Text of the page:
Now let's look at how the Sleep method can help solve another problem with asynchronous processes. I came across this problem while using the SendKeys method (introduced later in this chapter). Let's say that a script launches two external applications, Calculator and Notepad, and shows a dialog box that allows user interaction:

oShell.Run "Calc.exe",1     ' Launch Calculator.
oShell.Run "Notepad.exe", 1 ' Launch Notepad.
WScript.Echo "Have applications been launched?"

Which window do you think will be shown first, and which one will remain in the foreground? At first glance, you might say that Calculator will be shown first and then the Notepad window will overlap the Calculator window and the Echo dialog box will remain in the foreground. However, on my systems, the Calculator window and the Echo dialog box are hidden by the Notepad window. The user can recognize the Echo dialog box only by its button on the taskbar.

This behavior is the result of how Windows processes these applications. The script shells out two Run calls and continues to execute the next instruction. As a result, the Echo dialog box is shown before Windows can launch the external applications. Also, the order of the application windows depends on the amount of time that each application needs for launching.

In MsgBox or Popup, you can use the constant vbSystemModal to force Windows to show the dialog box in the foreground. However, this constant doesn't work with the Echo method.

To specify which application window is shown in the foreground, you can simply open application windows in sequential order and write the script in such a way that it waits until the window is visible. In most cases, you can do this by using a simple delay after executing the Run method:

oShell.Run "Calc.exe", 1     ' Launch Calculator.
WScript.Sleep 500            ' Wait 0.5 second.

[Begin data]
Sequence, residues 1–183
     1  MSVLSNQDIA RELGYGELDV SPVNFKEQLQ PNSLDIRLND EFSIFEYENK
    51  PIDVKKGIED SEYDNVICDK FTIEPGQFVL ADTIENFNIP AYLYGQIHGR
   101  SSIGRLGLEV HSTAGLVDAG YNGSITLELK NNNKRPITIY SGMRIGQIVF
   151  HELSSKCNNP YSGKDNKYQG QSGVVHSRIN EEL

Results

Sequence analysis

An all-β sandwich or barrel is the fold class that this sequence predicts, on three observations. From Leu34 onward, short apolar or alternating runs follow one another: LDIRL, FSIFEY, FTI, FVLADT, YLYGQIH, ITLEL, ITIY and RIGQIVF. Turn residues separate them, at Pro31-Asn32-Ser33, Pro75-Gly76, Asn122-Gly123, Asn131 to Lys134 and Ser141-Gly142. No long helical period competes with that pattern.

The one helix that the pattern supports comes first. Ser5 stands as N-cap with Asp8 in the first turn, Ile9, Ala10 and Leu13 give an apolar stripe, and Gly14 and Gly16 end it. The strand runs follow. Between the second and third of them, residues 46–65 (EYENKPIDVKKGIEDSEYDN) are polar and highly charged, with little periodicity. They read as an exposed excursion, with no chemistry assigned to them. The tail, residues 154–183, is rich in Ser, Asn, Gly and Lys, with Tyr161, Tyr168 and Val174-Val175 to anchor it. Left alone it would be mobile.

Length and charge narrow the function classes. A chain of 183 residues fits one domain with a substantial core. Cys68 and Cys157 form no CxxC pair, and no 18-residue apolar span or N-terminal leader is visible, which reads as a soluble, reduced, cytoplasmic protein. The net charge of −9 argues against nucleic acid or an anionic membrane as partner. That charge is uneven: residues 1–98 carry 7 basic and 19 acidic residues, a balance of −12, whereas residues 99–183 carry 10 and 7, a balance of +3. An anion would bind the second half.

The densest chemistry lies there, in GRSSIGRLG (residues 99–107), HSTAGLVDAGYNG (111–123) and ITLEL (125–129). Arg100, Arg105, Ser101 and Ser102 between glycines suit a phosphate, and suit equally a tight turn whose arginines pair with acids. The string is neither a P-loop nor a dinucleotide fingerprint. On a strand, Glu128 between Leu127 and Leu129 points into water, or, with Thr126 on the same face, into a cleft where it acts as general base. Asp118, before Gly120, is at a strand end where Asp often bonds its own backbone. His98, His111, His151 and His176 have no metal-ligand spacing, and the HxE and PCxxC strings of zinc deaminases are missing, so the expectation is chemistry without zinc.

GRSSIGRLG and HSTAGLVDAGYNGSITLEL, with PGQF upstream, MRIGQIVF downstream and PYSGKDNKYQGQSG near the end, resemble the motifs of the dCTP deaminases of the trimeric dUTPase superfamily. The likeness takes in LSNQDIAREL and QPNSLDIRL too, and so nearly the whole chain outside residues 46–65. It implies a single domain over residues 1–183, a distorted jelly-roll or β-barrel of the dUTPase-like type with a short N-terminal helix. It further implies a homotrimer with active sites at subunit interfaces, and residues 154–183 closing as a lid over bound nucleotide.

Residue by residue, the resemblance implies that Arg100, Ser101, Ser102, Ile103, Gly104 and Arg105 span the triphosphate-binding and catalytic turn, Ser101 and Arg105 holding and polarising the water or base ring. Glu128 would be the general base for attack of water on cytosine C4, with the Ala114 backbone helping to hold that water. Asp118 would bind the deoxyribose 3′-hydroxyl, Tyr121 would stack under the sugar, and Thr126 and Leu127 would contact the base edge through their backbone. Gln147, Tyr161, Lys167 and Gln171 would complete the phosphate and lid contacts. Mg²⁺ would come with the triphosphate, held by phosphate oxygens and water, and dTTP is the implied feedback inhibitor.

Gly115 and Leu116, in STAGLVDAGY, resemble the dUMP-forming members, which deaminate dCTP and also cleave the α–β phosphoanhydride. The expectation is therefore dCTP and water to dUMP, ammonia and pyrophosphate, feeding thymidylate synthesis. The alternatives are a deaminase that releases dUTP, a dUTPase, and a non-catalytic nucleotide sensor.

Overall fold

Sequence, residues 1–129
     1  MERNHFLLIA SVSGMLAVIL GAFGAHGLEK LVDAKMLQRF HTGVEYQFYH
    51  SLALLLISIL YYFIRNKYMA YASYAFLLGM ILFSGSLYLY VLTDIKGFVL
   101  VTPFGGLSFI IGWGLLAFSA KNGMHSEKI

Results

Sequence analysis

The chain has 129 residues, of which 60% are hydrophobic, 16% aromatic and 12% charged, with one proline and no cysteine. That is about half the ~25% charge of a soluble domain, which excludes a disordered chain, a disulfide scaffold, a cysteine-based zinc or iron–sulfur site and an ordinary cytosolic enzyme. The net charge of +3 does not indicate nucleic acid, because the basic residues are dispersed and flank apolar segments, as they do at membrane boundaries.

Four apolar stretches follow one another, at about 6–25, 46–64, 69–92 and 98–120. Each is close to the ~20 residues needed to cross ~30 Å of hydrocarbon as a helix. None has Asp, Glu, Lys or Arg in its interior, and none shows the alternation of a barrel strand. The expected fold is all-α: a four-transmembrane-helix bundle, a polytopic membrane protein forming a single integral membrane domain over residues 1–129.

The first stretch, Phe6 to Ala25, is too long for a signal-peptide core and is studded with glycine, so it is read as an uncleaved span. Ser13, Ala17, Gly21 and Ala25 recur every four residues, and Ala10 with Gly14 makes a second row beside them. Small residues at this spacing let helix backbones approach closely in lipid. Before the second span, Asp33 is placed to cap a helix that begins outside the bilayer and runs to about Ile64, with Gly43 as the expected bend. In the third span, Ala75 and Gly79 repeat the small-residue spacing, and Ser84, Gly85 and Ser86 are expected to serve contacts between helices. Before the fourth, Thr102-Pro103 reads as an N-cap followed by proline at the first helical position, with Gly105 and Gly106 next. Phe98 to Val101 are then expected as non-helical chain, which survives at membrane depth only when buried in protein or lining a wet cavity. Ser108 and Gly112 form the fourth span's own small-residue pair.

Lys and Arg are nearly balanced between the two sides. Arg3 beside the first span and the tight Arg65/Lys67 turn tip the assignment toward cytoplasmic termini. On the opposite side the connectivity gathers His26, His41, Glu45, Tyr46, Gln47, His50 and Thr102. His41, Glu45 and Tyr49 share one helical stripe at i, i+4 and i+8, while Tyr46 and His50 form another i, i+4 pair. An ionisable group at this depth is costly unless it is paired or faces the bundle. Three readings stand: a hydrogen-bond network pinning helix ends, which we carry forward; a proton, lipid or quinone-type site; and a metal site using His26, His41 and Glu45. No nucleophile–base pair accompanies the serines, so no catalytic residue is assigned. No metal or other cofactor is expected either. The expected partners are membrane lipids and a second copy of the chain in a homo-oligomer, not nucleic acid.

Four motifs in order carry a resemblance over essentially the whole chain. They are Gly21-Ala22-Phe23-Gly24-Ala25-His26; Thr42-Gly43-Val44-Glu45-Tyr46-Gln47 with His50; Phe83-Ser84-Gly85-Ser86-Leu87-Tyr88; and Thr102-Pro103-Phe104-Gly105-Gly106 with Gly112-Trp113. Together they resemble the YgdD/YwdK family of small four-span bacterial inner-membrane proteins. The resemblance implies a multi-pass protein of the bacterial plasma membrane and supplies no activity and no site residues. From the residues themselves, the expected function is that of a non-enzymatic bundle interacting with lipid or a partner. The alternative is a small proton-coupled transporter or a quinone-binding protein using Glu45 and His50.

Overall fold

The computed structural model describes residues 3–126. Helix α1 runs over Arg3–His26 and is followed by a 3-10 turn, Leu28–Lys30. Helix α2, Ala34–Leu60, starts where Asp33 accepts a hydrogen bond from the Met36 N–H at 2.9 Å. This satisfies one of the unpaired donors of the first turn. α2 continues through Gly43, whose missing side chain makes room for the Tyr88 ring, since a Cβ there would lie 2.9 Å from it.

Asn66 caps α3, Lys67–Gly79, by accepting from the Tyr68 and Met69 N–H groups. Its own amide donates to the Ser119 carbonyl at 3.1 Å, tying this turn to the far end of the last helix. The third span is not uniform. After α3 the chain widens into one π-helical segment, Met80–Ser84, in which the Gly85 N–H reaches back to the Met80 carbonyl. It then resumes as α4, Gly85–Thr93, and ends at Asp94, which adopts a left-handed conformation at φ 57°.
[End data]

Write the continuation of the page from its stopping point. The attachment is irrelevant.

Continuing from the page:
oShell.Run "NotePad.exe", 1  ' Launch Notepad.
WScript.Sleep 500            ' Wait 0.5 second.
WScript.Echo "Please close all application windows"

Calling the Sleep method with a parameter of 500 causes the script to pause 0.5 seconds until the next instruction is processed. As a result, the application windows and the Echo dialog box are shown in the appropriate order. This behavior is shown in the short VBScript program in Listing 13-1. This program launches Calculator and Notepad and displays a dialog box. In a second step, both applications and an additional dialog box are launched, with a short delay between each statement.

Listing 13-1 RunApps.vbs

' File:     RunApps.vbs (WSH sample in VBScript)   
' Author:   (c) G. Born
' Launching Calculator and Notepad by using the 
' Run method
Option Explicit

Dim oShell

' Create the WshShell object.
Set oShell = WScript.CreateObject("WScript.Shell")

oShell.Run "Calc.exe", 1     ' Launch Calculator.
oShell.Run "NotePad.exe", 1  ' Launch Notepad.

' Now delay script after launching an application.
WScript.Echo "Second Attempt: Launch Notepad and Calculator"

oShell.Run "Calc.exe", 1     ' Launch Calculator.
WScript.Sleep 500            ' Wait 0.5 second.
oShell.Run "NotePad.exe", 1  ' Launch Notepad.
WScript.Sleep 500            ' Wait 0.5 second.

WScript.Echo "Please close all application windows"

'*** End